No brand is immune to competition. Even market leaders have their nemesis, and direct competitors keep a company from having the entire pie for itself. In many cases, competition can actually be mutually beneficial, as it keeps the competing parties from becoming complacent. In always trying to outdo each other, the companies push themselves to improve their brands and the products or services they carry. It is a welcome cycle that not many businesses want to admit (or enjoy).
Competitive analysis begins in much the same way a company would evaluate its own brand. You can examine your competitor’s value proposition in I3 terms based on their marketing claims. Find out exactly what they are saying that gives them an edge from their competition and compare that to your own unique selling points. If both of you are claiming the same thing, you end up canceling each other out on that factor, all other things remaining equal. I call this the overlapping value proposition: two companies making equally valid claims to a differentiator, neutralizing each other in the market on that attribute.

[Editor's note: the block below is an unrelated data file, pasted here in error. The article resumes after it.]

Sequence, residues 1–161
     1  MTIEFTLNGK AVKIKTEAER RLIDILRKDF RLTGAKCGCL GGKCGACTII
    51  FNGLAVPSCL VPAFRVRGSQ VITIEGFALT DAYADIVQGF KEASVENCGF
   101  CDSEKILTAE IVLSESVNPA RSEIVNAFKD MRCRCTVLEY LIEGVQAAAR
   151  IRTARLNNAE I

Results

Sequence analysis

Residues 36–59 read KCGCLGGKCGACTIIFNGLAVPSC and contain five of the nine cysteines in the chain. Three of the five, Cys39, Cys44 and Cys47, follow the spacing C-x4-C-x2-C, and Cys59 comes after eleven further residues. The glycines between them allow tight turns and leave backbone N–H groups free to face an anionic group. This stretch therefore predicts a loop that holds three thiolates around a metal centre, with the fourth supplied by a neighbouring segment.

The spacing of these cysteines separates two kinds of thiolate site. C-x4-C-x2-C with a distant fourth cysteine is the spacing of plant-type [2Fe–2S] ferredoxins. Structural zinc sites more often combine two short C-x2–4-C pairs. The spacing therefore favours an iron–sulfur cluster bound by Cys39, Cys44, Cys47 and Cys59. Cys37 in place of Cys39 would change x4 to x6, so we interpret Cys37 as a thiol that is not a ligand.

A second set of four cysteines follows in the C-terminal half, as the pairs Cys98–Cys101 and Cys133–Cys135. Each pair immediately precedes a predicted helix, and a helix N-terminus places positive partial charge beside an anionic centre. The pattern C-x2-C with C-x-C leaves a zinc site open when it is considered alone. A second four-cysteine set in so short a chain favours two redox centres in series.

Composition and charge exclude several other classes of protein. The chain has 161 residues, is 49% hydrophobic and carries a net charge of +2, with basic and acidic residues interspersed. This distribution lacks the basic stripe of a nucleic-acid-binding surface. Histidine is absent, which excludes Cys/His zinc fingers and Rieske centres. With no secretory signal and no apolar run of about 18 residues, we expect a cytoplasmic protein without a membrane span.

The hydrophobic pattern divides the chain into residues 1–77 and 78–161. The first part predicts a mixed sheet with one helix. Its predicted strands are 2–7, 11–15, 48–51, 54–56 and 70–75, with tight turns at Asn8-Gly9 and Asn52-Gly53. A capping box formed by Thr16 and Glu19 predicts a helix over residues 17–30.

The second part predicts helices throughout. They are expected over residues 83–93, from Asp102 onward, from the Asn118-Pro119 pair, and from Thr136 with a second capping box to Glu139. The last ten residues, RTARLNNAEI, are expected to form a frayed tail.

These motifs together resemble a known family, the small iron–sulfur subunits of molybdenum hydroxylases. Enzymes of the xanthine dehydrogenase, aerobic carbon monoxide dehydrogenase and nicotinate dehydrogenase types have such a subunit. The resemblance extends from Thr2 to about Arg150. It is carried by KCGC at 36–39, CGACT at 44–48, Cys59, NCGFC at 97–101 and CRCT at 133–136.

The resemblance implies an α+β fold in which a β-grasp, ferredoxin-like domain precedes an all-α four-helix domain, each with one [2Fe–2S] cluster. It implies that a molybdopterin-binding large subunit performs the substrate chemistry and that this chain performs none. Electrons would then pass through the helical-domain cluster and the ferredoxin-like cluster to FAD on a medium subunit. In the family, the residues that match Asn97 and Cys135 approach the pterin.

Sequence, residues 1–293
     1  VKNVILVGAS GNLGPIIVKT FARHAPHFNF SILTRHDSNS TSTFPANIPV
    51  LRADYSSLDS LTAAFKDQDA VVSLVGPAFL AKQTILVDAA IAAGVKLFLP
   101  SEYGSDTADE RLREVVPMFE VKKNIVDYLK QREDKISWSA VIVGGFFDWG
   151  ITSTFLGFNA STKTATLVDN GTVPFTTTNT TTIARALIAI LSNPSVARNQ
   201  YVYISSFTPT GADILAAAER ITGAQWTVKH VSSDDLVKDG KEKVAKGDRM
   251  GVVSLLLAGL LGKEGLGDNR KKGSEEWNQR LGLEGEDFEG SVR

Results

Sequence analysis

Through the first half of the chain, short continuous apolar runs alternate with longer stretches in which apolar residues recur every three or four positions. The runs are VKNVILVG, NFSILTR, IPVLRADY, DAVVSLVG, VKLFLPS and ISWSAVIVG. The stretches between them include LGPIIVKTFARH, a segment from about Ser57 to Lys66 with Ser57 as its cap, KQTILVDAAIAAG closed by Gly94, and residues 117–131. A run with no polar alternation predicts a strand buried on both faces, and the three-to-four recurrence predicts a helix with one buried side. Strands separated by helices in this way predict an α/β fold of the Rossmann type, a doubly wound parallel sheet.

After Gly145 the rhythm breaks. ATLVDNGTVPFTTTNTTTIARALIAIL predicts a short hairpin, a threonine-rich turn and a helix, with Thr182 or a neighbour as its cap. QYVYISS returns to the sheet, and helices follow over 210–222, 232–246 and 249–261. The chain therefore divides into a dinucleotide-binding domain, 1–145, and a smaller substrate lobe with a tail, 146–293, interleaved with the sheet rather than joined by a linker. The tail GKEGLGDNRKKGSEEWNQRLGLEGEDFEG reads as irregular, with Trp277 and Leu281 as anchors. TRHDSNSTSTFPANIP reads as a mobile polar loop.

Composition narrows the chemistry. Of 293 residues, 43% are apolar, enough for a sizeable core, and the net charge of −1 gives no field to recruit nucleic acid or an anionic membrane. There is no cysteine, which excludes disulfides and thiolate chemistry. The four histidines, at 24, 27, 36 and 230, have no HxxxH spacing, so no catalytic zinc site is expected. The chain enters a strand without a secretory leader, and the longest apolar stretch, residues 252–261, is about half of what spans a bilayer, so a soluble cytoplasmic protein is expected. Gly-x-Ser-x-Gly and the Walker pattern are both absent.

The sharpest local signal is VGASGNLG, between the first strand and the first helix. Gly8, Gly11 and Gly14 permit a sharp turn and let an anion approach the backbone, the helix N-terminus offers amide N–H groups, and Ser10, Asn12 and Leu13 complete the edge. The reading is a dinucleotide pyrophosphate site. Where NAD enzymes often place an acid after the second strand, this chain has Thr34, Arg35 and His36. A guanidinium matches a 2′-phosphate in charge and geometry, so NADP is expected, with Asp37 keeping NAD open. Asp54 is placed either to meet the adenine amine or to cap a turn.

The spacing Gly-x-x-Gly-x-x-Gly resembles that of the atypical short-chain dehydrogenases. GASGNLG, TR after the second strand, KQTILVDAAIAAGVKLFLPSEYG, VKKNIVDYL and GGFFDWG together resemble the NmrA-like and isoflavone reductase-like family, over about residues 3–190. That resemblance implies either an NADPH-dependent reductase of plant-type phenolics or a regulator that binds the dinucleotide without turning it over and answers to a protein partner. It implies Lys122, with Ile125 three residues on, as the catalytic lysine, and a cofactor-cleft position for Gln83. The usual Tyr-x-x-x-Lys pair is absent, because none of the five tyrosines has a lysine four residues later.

Take for example, Coca Cola and Pepsi. Both of these fizzy drinks are refreshing, affordable, and, for a time, they were actually marketed as health tonics. The Cola Wars are infamous in the marketing world. When it finally hit them that there is no use trying to convince consumers that one brand of soda tastes better than the other, they decided to go with more distinct (and emotional) approaches.
(image from Brand New )
Rather than win a consumer following with proof of taste superiority (a virtual unprovable), the beverage giants decided to woo the market by creating ‘personalities’ for their brand. It is evident in the evolution of their logos. Coca-Cola positions itself as a feel-good drink that encompasses all generations; thus, its logo has remained consistent over the years. Pepsi, on the other hand, keeps reinventing itself as the ‘cool drink.’ It mainly targets youth, which is why it also tends to get popular celebrities and artists to promote its brand.
Despite their difference in marketing approaches, Coke and Pepsi still enjoy a healthy rivalry. They were able to avoid the rut of the overlapping value proposition by re-thinking their challenge in other dimensions. They observed consumers more intently and creatively constructed brand personalities that resonate with their target market. Value proposition don’t have to be tangible or factual – they can simply be a matter of style.